I went to the track for the first time in 5 months today. That isn't to say that I ran on the track. It's school sports season in Wellington. This means—one rubber track in the city—that occasionally the track is occupied by high school students doing track and field events. I had a premonition this was going to be the case as I jogged up there, seeing a lot of girls in colorful outfits heading up to the park.
So I did my workout on the soccer field above the track. This was less than ideal, with some tight turns; but first interval workout in 5 months it was probably OK not to know I was a couple of seconds off the pace. The long side of a soccer field is 100m, so you can check your pace. As I jogged around in between my 5 x 1000m and 4 x 400m repeats I got to watch the Wellington East Girls sports get started. Nowadays, befitting its location "East" is a very multi-cultural school with Maori, Pacific Island, Asian, Somali, and European students. But it also has "houses," which American readers may or may not be familiar with. Houses are vertical divisions of a school (as opposed to horizontal grade/age divisions), sometimes reflecting literally where the students slept, if it was a boarding school. But for most purposes "houses" in schools were to organize competitive sports and culture. Few modern schools in New Zealand have houses. The high school I attended, started well into the 1950s, didn't have them. But any school originating before World War II probably did, and maybe still does, like Wellington East. Well, the funny thing, after all that explanation, is that East is very multicultural, but the house names commemorate long-deceased, British-born governors of New Zealand. So, as I ambled around the soccer field I got to hear a diversity of accents screaming "Go Onslow," "Go Bledisloe," "Go Jellicoe! The girls were really getting into the spirit of things, and as they started the 60m sprint the gun fired, and then the gun fired again. False start, I knew, even from the top field. But not most of the girls in the race, who tore off down to the finish, while one girl stopped, and waited for the others to stop. The girls in the stands just kept on cheering for the dead Lords and Governors. This commotion caused the announcer to cry out "Girls, girls, girls, you have to be quiet when the races are starting!!!" And then they ran the race again ...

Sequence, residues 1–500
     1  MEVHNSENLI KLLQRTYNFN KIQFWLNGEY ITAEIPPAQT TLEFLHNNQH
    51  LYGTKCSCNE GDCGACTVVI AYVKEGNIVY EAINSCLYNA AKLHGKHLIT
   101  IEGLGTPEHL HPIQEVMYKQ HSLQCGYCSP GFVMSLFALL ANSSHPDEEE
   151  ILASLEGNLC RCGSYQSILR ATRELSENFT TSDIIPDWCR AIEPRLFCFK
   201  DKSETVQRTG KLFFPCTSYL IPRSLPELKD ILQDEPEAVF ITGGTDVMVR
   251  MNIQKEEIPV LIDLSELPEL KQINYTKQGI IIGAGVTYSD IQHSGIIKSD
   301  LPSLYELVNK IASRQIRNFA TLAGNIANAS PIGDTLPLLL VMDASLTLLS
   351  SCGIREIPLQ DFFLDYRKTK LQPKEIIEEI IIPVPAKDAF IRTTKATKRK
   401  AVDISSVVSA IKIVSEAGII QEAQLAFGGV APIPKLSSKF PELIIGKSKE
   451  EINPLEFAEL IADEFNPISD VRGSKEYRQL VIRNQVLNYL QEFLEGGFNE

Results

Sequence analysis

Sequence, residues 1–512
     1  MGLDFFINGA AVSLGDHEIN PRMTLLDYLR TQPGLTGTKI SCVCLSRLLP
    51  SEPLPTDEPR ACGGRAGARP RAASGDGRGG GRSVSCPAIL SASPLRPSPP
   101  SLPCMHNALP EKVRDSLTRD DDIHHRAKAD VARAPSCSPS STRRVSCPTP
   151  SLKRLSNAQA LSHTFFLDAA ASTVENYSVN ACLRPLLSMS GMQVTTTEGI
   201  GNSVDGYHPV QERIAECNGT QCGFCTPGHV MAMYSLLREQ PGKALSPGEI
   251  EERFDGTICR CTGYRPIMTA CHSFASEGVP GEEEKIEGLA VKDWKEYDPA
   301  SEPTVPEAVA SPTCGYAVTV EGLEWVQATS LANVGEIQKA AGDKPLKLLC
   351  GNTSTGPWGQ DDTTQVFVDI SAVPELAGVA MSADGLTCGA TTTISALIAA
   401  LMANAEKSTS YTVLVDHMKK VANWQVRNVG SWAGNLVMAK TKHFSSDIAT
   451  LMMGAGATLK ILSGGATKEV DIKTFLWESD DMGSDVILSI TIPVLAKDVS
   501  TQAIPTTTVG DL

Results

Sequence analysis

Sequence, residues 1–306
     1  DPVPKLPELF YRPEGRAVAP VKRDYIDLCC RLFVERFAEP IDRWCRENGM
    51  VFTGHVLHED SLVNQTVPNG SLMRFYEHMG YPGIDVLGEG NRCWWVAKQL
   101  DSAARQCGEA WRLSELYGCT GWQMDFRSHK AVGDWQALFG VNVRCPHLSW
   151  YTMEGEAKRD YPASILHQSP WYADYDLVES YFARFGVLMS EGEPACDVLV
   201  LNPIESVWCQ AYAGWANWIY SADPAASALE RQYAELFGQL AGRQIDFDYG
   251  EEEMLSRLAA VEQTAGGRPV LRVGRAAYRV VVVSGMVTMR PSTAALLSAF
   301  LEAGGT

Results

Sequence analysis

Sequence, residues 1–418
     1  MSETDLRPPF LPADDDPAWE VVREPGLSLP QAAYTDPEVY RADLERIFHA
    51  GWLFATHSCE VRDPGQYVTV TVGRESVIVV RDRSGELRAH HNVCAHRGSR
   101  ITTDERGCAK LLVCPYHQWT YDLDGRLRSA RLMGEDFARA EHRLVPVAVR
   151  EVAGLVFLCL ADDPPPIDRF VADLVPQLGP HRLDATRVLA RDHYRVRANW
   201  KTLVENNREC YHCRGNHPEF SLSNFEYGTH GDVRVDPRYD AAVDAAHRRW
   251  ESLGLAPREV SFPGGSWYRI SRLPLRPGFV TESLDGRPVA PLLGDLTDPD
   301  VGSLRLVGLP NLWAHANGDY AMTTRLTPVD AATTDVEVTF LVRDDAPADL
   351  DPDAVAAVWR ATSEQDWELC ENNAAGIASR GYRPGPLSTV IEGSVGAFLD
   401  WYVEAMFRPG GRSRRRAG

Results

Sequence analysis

Quite apart from the humor of reading this with the British understanding of bonk (I think we will all agree, often its own reward), how many [in the American sense] bonk in a 5km? I've always thought that bonk was synonymous with hitting the wall, the [near] total exhaustion of your muscle glycogen. You can certainly struggle to the end of a 5km, but it's a different process entirely ...
I started this blog in the 2004 U.S. presidential election campaign with a comment on presidential polls. Recently U.S. politics has hardly been a feature here. Not because I haven't been thinking about it, both professionally and personally, but because there's so much that could be said and I'm not sure I have anything particularly unique to say very often ...
The question of Presidential dynasties has inevitably come up in this campaign, with Hillary Clinton seeking to take over from George W. Bush. There are some good democratic, republican arguments against dynasties. But the founders of the American republic conceived of republicanism as a mixed form of government. This emphasis on mixed forms—democracy, aristocracy, and Amonarch—was heavily classical, influenced by Greek and Roman thought. The President was the analogue of the monarch.
Monarchy, of course, is dynastic by design. The typical rules of monarchical succession favor the son or grandson, and so has the American republic (Adams, Harrison, Bush). But restoring the Queen would hardly go against monarchical ideas. Thus, I wonder if a Hillary Clinton Presidency really does go against republican ideals. It merely harks back to earlier notions of a monarchy embedded in a republic that America was founded on.
Though she would never phrase it that way herself, Hillary Clinton is clearly running on her time as Queen. Her campaign's invocation of experience leans heavily on her time as First Lady. It's unfortunate, as it makes the Clinton's marriage a legitimate part of public debate. I'm not talking about their sex life, which is neither here nor there. The thing is, the public has no-way of evaluating Hillary's political experience without inquiring into how Bill and Hillary Clinton worked together during the Presidency.
It's quite possible that Hillary made important contribution to decisions in the Bill Clinton White House. But we don't know whether her arguments carried the day, or whether her instincts were the right ones, because they were hidden. When you're not actually elected yourself, the political consequences of being right or wrong are not as substantial. Your arguments in private are largely free of the responsibility to publicly account for your actions and their consequences.